ARIZONA CARDINALS

Cardinals OT Marcus Gilbert is ‘high risk,’ opts out of 2020 season

Aug 4, 2020, 1:02 PM | Updated: 1:37 pm
Arizona Cardinals quarterback Kyler Murray (1) is helped up by offensive tackle Marcus Gilbert (76)...

Arizona Cardinals quarterback Kyler Murray (1) is helped up by offensive tackle Marcus Gilbert (76) after being sacked for a safety against the Oakland Raiders during the first half of an an NFL football game, Thursday, Aug. 15, 2019, in Glendale, Ariz. (AP Photo/Rick Scuteri)

(AP Photo/Rick Scuteri)

Arizona Cardinals offensive tackle Marcus Gilbert has opted out of the 2020 season.

In a statement posted to Twitter, Gilbert said he falls under the category of high-risk if he were to get the coronavirus. That and having high-risk family members led to his decision, he wrote.

The news came down just after Kingsbury told reporters on a Zoom call Tuesday he had not had discussions about any Cardinals opting out of the season with the deadline set for Thursday.

In fact, Kingsbury said a week ago that Gilbert was the favorite to start at right tackle for Arizona should he arrive at camp in good health.

“If he can start off at that level then he’s going to slide right back there at right,” Kingsbury said, referencing a strong 2019 training camp before Gilbert suffered a season-ending knee injury in the preseason. “We expect Marcus to slide right in there and do a great job right away.”

Kingsbury said Tuesday that the Cardinals and the league will support any player’s decision to opt out. Gilbert is the first known Cardinal that has decided to sit in 2020.

The Cardinals appear prepared to take on the loss of Gilbert, who has played in just 12 games over the past three seasons. Last year’s 12-game starter, Justin Murray, NFL veteran Kelvin Beachum and rookie third-round pick Josh Jones could fight for a starting role opposite left tackle D.J. Humphries.

Players have until Thursday to declare they are opting out of the season in order to receiver a stipend payment. Those with medical conditions that put them at greater risk due to the coronavirus will receive $350,000, while voluntary opt-outs will receive $150,000 as an advance, the Associated Press reported.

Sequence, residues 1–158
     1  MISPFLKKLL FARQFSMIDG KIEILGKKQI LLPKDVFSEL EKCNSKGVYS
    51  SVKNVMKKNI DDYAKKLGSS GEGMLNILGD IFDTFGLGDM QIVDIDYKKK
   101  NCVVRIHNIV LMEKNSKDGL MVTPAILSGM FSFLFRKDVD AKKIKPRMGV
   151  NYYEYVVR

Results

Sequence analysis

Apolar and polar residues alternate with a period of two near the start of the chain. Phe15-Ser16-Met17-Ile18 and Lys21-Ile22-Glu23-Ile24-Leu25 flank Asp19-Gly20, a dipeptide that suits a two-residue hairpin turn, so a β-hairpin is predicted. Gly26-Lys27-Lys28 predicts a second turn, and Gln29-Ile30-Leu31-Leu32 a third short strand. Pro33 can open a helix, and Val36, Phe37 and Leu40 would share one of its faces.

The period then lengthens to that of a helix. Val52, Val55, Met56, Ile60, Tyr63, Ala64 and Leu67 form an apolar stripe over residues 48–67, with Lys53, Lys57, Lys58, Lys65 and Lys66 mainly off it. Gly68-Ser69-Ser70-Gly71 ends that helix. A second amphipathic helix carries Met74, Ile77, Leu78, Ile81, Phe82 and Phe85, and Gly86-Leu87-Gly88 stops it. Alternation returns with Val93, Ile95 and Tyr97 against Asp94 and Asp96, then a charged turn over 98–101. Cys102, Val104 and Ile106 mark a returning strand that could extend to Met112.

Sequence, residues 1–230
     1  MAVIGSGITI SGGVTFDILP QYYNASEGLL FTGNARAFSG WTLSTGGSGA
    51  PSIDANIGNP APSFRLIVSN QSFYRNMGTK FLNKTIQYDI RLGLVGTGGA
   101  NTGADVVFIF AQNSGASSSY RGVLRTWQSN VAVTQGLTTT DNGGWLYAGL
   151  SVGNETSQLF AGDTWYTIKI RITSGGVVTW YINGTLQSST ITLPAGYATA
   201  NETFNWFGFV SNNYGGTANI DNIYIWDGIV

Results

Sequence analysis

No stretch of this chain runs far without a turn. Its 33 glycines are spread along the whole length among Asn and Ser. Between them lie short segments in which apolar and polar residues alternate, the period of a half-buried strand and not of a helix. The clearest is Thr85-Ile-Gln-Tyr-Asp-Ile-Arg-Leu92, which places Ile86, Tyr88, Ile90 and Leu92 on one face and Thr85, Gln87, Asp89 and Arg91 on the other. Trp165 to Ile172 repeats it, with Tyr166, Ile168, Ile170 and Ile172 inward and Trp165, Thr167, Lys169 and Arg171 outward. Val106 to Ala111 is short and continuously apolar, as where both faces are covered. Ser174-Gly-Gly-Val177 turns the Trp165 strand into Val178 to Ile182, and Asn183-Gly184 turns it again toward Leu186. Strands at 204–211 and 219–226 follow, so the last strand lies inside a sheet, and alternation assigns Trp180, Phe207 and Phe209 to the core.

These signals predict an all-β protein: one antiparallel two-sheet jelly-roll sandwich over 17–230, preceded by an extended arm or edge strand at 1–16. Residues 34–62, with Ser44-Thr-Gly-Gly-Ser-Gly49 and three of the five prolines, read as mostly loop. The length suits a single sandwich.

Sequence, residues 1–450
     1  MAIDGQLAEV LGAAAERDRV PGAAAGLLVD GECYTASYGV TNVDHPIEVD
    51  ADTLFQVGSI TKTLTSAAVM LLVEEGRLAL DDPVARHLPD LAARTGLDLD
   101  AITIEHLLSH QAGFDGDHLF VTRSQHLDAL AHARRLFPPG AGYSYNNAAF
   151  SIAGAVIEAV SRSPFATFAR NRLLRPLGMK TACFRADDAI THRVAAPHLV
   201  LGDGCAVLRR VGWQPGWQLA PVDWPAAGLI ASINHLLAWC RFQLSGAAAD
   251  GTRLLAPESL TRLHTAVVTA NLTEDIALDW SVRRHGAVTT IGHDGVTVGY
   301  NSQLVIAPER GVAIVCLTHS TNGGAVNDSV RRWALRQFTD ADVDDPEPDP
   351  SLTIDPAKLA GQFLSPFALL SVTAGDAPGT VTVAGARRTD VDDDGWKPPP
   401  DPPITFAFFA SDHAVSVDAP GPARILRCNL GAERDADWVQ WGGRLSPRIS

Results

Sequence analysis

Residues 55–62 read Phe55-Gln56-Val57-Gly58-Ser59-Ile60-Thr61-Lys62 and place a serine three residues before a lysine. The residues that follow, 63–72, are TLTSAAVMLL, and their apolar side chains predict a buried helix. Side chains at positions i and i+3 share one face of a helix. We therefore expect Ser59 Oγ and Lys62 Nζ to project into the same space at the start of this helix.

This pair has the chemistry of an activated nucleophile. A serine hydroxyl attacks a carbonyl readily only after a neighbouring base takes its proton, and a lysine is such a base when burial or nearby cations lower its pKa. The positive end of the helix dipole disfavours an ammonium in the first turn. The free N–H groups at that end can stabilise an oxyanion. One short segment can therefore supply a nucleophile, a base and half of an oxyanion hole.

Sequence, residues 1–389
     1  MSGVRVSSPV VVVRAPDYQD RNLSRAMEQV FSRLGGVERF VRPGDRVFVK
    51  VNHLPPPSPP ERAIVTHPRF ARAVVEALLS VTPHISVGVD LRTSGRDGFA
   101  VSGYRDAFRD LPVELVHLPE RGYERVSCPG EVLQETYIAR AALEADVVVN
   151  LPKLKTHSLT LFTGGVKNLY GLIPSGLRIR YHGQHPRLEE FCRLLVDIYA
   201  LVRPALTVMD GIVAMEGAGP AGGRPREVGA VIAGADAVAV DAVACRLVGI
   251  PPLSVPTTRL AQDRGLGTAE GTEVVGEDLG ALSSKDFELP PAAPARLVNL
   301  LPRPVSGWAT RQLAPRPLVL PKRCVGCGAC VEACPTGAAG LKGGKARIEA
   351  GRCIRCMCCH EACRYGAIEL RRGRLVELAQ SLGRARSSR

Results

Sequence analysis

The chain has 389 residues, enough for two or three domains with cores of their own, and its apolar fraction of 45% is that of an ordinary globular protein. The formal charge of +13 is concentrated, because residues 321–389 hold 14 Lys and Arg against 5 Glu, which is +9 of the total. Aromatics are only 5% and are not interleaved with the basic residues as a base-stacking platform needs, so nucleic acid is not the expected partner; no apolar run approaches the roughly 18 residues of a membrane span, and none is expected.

In May, Cardinals cornerback Patrick Peterson expressed his concern about the coronavirus. At the time, his wife Antonique was seeing the virus first-hand in her residency at a local intensive care unit.

The Petersons also have two young children at home.

“If I feel comfortable enough with those protocols and I feel that’s the safest thing possible for us to be able to come back to work, I’m all in,” Peterson said May 28. “If it’s not … we all would have to make a very, very smart decision. You don’t want to have the opportunity of bringing that (virus) back home.

“I know that the NFL is doing everything that it can, but it’s just so tough to put your finger around how to evolve around this virus.”

On Monday, Cardinals receiver DeAndre Hopkins also said he supported NFL players who decide to opt out but that he felt the NFL was doing its best to keep them safe.

“I play football for a living, but I’m also a family man for a living,” Hopkins said. “Hopefully it doesn’t have to come to that, but I take it day by day. I think in the present moment, not the future. So, seeing guys opt out, I see a lot of guys getting criticism for it and I feel bad for those guys because obviously they’re losing a lot of money.

“To those people, they don’t want to risk what can happen and you can’t blame them. For myself, I’ll take it day by day and I really don’t look past that.”

Kansas City Chiefs guard Laurent Duvernay-Tardif two weeks ago became the first NFL player to opt out. A wave of more players deciding against participating in 2020 followed since then.

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